The cellulose acetylation process and the process for producing acetone-soluble cellulose acetates according to the invention make it possible to synthesize:

(a) soluble primary cellulose acetates formed according to the “homogeneous” mechanism;

(b) cellulose acetates having an increased degree of polymerization equal to 300-500;

(c) cellulose acetates featured by high filterability and reduced viscosity of the concentrated solutions thereof;

(d) mixed cellulose esters, i.e., cellulose acetobutyrates and acetopropionates.

The processes mentioned above involve no use of a deficient raw material, are ecologically pure and economically profitable.

BEST METHOD FOR CARRYING OUT THE INVENTION

The catalytic system, according to the invention, is produced as follows:

VARIANT I (EXAMPLES 2, 4, 6. 8, 10, 11, 12) Use of the Water-containing Parent Commercial Chemicals

A required amount of N,N-dimethylacetamide is added while stirring to an estimated quantity of lower fatty acid anhydride. Then a preselected amount of sulfuric acid and in some cases of perchloric acid is added to the resultant solution in small portions while stirring, at such a rate as to cool down the solution by extracting the released heat and to maintain the temperature of the reaction mixture within 0 C. and 25 C.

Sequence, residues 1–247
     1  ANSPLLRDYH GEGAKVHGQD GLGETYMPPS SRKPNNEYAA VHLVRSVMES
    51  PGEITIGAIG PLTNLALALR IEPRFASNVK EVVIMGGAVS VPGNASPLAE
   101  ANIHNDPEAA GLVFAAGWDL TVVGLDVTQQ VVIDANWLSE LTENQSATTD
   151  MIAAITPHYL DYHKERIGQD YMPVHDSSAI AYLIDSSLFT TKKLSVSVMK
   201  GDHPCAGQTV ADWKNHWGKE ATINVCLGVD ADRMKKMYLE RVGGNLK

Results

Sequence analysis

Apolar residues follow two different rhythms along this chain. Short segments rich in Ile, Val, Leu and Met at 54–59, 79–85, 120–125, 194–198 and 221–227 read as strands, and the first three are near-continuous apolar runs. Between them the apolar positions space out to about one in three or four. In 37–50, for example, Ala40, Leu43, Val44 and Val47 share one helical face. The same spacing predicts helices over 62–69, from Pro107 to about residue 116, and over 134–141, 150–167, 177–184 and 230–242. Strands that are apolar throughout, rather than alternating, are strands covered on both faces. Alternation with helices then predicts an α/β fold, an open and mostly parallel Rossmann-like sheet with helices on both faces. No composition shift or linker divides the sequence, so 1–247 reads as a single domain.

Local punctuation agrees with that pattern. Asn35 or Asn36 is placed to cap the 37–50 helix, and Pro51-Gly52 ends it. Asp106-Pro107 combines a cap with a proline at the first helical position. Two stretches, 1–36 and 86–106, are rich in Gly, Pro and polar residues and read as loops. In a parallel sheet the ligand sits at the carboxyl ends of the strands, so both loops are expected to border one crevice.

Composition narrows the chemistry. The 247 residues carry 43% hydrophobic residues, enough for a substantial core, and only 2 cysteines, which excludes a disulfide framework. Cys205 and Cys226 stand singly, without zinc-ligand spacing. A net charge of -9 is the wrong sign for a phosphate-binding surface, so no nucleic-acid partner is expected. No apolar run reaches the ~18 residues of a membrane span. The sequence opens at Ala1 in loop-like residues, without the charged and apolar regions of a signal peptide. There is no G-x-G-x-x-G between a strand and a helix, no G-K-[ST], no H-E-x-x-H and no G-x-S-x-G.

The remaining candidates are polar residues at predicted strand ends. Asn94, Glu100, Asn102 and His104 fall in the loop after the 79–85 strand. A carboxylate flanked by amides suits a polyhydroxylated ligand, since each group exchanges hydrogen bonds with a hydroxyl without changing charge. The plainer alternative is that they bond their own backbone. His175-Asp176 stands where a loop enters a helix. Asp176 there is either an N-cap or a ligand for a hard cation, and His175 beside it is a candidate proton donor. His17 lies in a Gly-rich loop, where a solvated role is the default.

The thus-produced catalytic system appears as a liquid mixture of an appropriate composition. When acetic anhydride is used, the composition appears as a homogeneous transparent liquid mixture; when butyric anhydride or propionic anhydride is used, the composition is essentially a two-phase liquid mixture of adducts of sulfuric and perchloric acids with N,N-dimethylacetamide of the respective lower fatty acid and free N, H-dimethylacetamide.